Earlier this year, comedian Kevin Hart's Hart House vegan food chain opened its flagship location near the busy intersection of Sunset Boulevard and Highland Avenue in Hollywood. But it seems that even an A-Lister is not invulnerable to the churn of redevelopment.

Earlier this month, property owner Galaxy Commercial Holdings filed an application with the Los Angeles Department of City Planning seeking approvals for a larger mixed-use complex at 6800 Sunset Boulevard - the location of Hart House. The proposed project is described as a two-building development highlighted by a new 42-story tower featuring 298 studio, one-, two-, and three-bedroom apartments and 115 hotel rooms, as well as ground-floor commercial space. Plans also call for a 12-story building which would feature 80 units of affordable housing for seniors, priced at the very low-income level, along Leland Way to the south.

View from Leland/Highland cornerGensler

The inclusion of the below market-rate units is intended to make the project eligible for density bonus incentives to grant waivers from certain development standards, including the ability to average floor area across zones, permit increased residential density, and exceed height limits.

Parking for 500 vehicles would serve all uses across the site, located in two subterranean levels beneath the tower and in a six-level automated structure which would rise along Leland Way.

View from Sunset/Highland cornerGensler

Gensler is designing the tower complex named Sunset & Highland for its location, with OJB serving as landscape architect. Plans show a tower rising to a maximum height of 520 feet above street level, then paring down to provide a transition to the lower-scaled buildings along the Highland corridor to the south - including the 112-foot-tall senior housing complex. Renderings portray the project with a contemporary exterior of glass, with texture provided by an undulating facade pattern and metal screens. Amenity decks with landscaping are provided along terrace roof areas across the site.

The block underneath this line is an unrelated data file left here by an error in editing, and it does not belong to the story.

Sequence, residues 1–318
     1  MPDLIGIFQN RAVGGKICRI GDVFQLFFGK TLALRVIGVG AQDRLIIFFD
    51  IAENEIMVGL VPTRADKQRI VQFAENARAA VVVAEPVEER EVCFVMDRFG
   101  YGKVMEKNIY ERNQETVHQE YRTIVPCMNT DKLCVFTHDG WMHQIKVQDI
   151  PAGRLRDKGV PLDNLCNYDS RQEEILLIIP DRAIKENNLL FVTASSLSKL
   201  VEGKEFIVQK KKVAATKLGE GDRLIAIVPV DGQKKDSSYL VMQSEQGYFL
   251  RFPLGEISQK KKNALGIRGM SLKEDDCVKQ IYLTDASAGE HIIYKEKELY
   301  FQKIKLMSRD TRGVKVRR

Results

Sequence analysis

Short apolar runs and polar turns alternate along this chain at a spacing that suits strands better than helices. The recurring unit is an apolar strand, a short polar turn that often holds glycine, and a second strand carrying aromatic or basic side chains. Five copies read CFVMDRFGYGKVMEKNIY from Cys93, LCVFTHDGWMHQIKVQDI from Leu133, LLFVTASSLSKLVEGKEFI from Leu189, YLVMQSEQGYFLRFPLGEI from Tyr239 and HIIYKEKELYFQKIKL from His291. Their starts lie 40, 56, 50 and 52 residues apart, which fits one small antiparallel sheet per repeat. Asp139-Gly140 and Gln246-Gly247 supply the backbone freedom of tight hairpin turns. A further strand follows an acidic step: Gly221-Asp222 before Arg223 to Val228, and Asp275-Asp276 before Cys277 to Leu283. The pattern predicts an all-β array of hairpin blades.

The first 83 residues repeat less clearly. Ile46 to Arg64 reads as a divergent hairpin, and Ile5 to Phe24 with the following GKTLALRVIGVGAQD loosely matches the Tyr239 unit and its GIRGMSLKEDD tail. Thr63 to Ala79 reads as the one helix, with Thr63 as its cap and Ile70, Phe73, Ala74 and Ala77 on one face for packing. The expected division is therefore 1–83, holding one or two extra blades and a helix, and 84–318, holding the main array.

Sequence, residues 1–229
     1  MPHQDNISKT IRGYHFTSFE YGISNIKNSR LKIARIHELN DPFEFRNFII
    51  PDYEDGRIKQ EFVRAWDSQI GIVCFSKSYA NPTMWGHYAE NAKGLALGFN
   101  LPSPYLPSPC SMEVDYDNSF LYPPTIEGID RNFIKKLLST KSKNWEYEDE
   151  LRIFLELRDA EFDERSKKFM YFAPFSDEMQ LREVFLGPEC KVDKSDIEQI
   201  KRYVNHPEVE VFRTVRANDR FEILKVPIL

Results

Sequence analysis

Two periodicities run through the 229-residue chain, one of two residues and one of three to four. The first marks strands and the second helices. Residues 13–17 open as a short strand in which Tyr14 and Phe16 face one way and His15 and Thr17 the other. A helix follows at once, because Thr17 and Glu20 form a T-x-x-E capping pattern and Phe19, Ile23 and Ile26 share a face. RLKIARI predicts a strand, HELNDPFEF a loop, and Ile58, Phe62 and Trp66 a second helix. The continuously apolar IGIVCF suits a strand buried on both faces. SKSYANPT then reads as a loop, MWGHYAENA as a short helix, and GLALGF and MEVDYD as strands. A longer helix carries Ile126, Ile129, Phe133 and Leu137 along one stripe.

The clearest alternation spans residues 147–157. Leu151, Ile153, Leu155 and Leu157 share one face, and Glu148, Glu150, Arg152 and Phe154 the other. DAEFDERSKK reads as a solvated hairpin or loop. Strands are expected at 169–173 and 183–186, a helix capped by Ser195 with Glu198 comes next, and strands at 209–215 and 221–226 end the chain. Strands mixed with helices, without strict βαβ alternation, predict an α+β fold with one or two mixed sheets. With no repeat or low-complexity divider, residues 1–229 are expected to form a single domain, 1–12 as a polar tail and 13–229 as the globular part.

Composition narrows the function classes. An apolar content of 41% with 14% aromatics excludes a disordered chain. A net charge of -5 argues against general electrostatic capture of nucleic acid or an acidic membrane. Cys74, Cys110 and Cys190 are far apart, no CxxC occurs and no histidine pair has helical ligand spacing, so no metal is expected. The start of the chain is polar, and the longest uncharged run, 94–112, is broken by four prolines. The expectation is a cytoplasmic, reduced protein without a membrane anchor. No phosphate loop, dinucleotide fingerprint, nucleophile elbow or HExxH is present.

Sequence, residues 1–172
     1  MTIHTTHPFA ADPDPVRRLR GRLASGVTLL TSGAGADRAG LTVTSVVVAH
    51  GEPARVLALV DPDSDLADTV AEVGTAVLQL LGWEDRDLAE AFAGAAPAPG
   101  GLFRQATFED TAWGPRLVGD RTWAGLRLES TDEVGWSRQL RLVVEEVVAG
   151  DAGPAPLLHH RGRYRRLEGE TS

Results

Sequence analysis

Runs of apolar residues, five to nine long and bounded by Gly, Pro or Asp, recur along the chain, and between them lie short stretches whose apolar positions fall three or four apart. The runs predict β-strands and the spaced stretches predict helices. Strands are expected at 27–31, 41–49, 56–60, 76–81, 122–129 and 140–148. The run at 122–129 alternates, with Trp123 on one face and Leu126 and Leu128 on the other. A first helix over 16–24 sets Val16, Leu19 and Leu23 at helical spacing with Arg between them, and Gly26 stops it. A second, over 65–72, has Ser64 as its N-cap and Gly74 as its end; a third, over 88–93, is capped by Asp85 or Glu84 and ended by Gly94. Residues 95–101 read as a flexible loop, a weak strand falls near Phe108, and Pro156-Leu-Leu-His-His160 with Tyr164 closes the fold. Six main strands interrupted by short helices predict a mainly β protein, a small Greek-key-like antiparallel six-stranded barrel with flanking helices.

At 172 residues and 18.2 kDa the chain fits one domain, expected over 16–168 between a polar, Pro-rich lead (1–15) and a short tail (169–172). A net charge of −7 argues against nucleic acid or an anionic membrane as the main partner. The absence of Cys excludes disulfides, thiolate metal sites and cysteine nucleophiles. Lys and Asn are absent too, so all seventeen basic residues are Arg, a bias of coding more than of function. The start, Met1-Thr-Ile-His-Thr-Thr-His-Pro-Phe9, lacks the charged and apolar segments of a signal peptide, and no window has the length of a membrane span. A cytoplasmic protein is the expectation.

The proposed development is not the only project aiming to bring height to the intersection of Sunset and Highland. CMNTY Culture, helmed by music producer Philip Lawrence and business manager Thomas St. John, is planning a mixed-use complex across the street which would feature offices, production space, and an entertainment venue with buildings rising up to 14 stories in height. That property is bordered to the east by the future site of the Crossroads Hollywood development, where Harridge Development has secured approvals for the construction of 950 apartments, a 308-room hotel, and 190,000 square feet of commercial space in buildings up to 32 stories in height.

Landscape planOJB

Galaxy Commercial Holdings, the project applicant, has been involved with several large developments in the City of Los Angeles, including the Vue residential tower in Downtown San Pedro, which fell into receivership after completion. The company had better luck with a mixed-use residential project located a few blocks away at  511 Harbor Boulevard, which was sold after entitlements to Trammell Crow Company, and is now under construction.

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